2nd July 2014
Australia is being accused of dragging its feet over a planned shake up of international tax laws after it emerged Tony Abbott’s government has not yet signed an early information sharing agreement as part of its G20 leadership.
The automatic exchange program has been endorsed by finance ministers from the world’s leading economies. It requires countries to swap information on bank accounts but Australia is yet to sign up amid fears over the potential cost to business of compliance.
Maggie Murphy, a senior program coordinator at Transparency International, says it’s “disappointing” that Australia is not one of the more than 40 early adopters, which includes the likes of the UK and Germany, as well as tax havens such as the British Virgin Islands and Jersey.
''If you're championing a process, if you're the leader of this group of nations, and you're at the same time saying we need an international body to take things forward, then you need to be part of that drive forward,” she told the Sydney Morning Herald.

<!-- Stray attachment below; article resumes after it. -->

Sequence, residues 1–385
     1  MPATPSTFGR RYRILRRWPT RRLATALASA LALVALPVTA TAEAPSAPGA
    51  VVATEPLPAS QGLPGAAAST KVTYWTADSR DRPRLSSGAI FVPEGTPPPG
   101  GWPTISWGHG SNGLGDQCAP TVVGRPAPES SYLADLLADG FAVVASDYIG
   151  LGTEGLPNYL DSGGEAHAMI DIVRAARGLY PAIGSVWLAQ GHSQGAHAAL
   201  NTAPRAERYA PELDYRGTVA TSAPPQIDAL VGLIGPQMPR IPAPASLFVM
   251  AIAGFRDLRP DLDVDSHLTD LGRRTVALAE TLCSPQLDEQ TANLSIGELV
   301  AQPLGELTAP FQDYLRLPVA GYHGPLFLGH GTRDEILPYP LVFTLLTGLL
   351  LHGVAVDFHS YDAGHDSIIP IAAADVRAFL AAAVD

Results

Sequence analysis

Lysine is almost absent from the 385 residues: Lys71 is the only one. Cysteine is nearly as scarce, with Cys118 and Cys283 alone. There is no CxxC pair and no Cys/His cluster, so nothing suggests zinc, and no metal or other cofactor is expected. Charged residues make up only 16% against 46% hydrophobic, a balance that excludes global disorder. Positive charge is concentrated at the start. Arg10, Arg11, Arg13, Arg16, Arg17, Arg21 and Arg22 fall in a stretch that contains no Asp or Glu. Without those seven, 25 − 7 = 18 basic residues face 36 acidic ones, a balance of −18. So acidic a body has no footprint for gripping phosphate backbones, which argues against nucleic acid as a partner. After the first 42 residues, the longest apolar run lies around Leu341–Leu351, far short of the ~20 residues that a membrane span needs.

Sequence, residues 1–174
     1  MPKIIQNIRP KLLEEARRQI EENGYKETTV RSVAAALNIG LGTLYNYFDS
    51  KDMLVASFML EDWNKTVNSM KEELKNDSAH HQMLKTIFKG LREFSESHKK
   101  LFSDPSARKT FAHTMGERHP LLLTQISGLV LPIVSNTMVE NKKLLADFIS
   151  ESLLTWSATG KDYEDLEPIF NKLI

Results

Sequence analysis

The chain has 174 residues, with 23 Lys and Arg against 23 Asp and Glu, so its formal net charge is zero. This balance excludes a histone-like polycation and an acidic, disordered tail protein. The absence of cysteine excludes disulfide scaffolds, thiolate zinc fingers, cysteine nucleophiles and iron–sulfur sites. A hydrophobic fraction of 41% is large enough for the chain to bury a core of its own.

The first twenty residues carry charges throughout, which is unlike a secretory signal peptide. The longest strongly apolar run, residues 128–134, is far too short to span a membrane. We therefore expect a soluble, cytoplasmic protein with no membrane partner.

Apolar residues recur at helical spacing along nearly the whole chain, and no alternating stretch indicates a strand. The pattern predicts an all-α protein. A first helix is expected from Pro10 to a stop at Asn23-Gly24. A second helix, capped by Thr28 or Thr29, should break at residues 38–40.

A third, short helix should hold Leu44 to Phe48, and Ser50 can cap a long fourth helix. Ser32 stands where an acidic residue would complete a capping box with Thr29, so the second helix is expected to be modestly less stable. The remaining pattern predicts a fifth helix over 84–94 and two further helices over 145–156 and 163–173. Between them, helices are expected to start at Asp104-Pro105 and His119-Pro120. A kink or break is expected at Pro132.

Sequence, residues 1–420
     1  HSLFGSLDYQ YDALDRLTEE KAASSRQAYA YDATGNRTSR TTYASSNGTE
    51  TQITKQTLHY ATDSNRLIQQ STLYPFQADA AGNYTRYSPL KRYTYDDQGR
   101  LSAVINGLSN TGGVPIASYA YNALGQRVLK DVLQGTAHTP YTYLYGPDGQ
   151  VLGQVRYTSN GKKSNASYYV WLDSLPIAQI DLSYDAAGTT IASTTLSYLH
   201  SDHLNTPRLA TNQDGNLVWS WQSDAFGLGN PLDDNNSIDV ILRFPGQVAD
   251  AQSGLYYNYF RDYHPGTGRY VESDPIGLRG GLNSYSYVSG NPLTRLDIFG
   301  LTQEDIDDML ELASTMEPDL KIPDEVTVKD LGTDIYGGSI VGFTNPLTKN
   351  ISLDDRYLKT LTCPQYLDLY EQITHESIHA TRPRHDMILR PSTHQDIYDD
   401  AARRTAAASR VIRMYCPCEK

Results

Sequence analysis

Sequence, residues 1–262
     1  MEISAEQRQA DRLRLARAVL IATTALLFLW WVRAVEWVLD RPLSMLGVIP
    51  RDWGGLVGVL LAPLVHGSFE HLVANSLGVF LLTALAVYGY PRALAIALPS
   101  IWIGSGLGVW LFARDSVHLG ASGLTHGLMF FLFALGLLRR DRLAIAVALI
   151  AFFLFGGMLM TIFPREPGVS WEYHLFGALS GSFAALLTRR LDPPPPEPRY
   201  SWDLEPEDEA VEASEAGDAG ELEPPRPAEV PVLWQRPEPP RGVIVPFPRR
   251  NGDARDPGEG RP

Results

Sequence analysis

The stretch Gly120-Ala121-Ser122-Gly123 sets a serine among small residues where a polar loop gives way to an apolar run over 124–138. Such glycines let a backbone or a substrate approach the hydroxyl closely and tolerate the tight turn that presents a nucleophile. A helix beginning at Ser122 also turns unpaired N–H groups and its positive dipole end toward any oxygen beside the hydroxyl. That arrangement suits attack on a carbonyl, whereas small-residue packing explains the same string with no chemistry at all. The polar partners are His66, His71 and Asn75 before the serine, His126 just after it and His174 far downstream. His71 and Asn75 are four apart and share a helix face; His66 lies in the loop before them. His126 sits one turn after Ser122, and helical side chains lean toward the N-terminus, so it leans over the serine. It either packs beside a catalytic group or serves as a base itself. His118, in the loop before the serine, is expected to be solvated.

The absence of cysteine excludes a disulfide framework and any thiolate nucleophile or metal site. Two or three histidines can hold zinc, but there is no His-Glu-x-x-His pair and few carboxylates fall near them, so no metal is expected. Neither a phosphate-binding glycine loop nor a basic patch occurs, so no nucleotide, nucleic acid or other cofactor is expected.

Ms Murphy went on to say it would be “upsetting” if Australia used compliance as screen for delaying implementation.
But Mr Abbott’s government, which hosts key talks on the project in Brisbane in November, says the nation is at the forefront of the campaign and refuted opposition claims it has gone soft on tax cooperation. "We are also taking a leading role in global efforts to tackle tax evasion through our presidency of the G20," a government note seen by AAP said.
A joint statement by the 44 early signatories to the program reads: "Tax evasion is a global problem and requires a global solution. We therefore welcome the new standard in automatic exchange of information between tax authorities developed by the OECD (the Common Reporting Standard). This will provide a step change in our ability to clamp down on tax evasion, which reduces public revenues and increases the burden on those who pay their taxes."
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